supernova when it observed the remnant Cassiopeia A.

3. Viking

When NASA's Viking 1 probe touched-down on Mars in July 1976, it was the first time a man-
made object had soft-landed on the red planet. (Though the Soviet Mars 2 and 3 probes did land
on the surface, they failed upon landing). The Viking 1 lander also holds the title of longest-
running Mars surface mission, with a total duration of 6 years and 116 days. The spacecraft also
sent the first color pictures back from the Martian surface, showing us what that mysterious red
dot looks like from the ground for the first time.

2. Hubble

The most-loved of all NASA spacecraft, the Hubble Space Telescope has name recognition
around the world. Its photos have changed the way everyday people figure themselves into the
cosmos. The observatory has also radically changed science, making breakthroughs on
astronomical issues too numerous to count. By finally sending up an optical telescope to peer at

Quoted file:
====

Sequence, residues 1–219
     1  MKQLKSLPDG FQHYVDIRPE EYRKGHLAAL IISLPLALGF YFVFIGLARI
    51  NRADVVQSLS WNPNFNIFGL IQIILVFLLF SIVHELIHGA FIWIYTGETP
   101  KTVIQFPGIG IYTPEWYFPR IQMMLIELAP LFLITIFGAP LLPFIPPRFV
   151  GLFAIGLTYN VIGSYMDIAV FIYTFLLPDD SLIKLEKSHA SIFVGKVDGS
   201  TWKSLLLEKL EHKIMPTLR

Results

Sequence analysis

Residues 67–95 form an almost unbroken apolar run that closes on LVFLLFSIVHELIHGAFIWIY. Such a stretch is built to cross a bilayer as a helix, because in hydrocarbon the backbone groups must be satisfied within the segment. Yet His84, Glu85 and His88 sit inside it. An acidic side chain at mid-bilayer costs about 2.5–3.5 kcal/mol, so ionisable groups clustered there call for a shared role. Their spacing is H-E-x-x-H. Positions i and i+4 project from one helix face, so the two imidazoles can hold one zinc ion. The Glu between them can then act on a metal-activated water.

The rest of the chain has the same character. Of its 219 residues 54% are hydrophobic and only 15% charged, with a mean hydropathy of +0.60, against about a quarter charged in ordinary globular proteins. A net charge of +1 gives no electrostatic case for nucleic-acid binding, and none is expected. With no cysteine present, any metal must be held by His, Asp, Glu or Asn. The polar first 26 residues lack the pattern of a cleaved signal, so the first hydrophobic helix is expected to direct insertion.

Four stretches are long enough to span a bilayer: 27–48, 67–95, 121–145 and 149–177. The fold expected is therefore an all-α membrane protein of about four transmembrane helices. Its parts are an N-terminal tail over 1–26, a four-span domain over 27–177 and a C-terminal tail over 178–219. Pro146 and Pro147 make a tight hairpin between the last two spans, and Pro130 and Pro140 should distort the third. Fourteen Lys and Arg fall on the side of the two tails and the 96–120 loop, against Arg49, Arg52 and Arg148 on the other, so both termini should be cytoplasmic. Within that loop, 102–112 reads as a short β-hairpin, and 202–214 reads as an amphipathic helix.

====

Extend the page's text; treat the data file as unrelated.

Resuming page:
the sky from beyond Earth's turbulent atmosphere, NASA developed a tool that could reveal stars,
planets, nebulae and galaxies in all their fully-detailed glory.

1. Apollo

NASA's best space science mission? The one humans got to tag along on, of course! Not only
was sending a man to the moon monumental for human history, but the Apollo trips were the first
to bring celestial stuff back to Earth and greatly advanced our scientific understanding of the
moon. Before Apollo, many people weren't even convinced the moon wasn't made out of cheese
(well? non-scientists at least). By studying the moon up close and personal, and then carting?
loads of moon rocks home, the Apollo astronauts gathered data that helped us learn how old the
moon is, what it's made out of, and even how it might have begun.

       New Video - Kepler: Hunting Alien Earths
       Top 10 Most Intriguing Extrasolar Planets
       New Video - How NASA's Kepler Spacecraft Will Launch